Next month’s Le Mans 24 Hours will be run behind closed gates, the ACO reversing its initial decision to allow a limited number of spectators in light of France’s latest COVID-19 numbers.
The Automobile Club de l’Ouest was hoping to provide access to 50,000 fans on September 19/20 by channeling groups of 5000 individuals to ten special “fan villages” located around the track and separated from each other.
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However, after consulting with the local government of the Sarthe region recently, the ACO has been left with no other choice but to scrap its plan and close Le Mans to the public for the first time in its history.
“Over the past few weeks, we have looked at many ways in which we could hold our event in September with fans present, albeit in limited numbers,” said ACO president Pierre Fillon.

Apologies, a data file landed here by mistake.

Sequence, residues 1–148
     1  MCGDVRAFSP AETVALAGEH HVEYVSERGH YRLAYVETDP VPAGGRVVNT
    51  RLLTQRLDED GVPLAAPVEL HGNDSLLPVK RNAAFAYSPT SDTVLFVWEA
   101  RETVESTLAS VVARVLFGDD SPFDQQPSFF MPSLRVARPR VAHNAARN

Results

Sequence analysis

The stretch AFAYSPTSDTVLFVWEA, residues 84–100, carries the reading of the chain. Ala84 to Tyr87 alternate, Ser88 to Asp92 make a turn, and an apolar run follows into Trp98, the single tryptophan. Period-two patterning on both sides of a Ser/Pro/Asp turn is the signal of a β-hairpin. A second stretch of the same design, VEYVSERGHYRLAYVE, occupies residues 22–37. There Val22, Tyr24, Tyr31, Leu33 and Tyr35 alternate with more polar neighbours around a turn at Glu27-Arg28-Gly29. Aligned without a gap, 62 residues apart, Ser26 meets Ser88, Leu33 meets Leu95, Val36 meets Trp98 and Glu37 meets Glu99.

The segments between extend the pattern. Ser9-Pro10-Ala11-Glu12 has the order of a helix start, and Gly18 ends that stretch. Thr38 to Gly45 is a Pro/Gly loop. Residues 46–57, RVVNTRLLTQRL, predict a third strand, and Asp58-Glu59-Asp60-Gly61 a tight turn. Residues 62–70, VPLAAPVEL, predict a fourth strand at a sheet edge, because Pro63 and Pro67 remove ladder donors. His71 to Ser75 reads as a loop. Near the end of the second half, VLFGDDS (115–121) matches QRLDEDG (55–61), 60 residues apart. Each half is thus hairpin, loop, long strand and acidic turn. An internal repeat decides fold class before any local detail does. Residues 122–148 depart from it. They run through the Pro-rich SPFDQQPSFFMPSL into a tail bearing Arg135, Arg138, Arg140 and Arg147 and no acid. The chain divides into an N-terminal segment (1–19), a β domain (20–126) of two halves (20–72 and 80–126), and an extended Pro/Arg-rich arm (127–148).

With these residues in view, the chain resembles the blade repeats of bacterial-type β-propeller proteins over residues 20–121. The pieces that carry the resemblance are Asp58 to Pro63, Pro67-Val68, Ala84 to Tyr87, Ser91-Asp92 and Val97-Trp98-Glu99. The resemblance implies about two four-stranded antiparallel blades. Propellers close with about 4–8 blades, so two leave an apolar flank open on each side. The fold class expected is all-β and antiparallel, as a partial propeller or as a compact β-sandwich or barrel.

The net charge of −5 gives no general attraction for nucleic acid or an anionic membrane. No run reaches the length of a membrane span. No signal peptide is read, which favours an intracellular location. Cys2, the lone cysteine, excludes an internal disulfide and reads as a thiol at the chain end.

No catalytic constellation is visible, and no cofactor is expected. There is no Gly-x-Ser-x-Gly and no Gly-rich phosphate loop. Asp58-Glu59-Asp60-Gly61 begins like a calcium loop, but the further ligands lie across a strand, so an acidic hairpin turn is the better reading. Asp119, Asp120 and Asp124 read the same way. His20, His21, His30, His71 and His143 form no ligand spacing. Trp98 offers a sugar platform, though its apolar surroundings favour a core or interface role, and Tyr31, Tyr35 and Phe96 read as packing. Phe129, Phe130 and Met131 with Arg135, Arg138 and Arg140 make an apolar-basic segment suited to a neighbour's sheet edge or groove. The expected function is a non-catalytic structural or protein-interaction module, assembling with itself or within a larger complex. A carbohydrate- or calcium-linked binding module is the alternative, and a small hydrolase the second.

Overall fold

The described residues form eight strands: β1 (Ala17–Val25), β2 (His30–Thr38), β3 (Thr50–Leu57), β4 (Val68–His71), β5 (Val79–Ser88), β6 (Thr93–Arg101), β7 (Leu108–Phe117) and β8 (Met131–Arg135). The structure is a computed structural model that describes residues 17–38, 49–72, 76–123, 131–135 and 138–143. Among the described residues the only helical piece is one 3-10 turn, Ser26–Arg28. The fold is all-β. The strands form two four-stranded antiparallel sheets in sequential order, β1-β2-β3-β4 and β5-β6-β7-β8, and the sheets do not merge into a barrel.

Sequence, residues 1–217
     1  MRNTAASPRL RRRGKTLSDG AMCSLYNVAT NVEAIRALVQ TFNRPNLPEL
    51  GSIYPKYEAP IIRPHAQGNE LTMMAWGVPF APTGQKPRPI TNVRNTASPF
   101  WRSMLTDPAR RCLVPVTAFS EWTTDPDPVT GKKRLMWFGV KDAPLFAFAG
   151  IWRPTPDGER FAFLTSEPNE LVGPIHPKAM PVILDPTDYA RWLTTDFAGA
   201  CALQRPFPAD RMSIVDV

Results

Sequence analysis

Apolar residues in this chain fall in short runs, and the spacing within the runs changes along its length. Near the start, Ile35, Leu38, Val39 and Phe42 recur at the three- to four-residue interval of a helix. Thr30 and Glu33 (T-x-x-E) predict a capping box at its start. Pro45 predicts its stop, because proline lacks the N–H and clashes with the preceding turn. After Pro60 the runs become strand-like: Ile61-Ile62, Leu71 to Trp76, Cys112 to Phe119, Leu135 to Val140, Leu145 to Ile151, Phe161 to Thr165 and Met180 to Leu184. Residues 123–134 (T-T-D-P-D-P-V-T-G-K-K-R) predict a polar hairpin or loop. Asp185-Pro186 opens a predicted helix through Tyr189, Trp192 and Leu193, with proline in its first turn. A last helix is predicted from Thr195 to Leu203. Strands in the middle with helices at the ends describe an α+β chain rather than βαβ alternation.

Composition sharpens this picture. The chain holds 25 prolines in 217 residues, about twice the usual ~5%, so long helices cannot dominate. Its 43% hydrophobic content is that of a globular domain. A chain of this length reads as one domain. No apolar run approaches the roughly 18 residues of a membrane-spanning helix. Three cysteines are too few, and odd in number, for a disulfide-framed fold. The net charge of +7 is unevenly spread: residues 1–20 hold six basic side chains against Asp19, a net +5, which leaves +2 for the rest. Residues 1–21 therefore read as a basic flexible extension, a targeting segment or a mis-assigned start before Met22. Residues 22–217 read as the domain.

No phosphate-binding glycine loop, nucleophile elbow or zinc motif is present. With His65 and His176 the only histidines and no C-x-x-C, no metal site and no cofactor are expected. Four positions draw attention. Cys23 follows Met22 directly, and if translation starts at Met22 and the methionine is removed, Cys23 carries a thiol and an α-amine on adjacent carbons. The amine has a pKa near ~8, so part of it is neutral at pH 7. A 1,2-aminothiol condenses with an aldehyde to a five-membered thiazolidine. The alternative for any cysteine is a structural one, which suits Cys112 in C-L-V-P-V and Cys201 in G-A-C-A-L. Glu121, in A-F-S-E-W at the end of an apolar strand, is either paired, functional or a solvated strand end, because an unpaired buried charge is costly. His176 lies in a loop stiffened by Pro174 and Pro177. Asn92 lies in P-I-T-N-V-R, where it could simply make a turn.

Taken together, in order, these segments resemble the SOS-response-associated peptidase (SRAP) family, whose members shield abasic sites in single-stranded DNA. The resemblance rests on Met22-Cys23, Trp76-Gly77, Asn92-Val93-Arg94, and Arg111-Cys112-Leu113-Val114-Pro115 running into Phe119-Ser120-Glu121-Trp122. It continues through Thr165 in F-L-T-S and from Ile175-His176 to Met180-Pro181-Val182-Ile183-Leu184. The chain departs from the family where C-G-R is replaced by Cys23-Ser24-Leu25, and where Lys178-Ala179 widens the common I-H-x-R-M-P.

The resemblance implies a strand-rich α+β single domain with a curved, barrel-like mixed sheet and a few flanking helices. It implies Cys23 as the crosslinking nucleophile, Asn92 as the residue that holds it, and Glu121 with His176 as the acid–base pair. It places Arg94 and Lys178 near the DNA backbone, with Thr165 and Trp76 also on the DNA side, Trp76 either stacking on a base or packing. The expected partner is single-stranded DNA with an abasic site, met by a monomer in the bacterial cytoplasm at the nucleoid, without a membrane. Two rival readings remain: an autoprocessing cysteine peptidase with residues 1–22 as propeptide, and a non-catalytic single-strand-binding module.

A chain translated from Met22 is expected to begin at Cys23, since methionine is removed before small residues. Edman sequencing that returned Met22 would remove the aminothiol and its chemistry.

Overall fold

“However, given the constraints involved in organising a festival-scale event over several days in the current situation, we have opted with the local government authorities to hold the race behind closed doors.
“There were still too many question-marks regarding health and safety.
“We know that our fans will be as disappointed as we are by this decision but, with public health in the balance, it really wasn’t a difficult call to make.”
Le Mans will promote its race through its digital platforms and offer fans an opportunity “to gain an exclusive insight of what goes on behind the scenes” at the classic endurance event.
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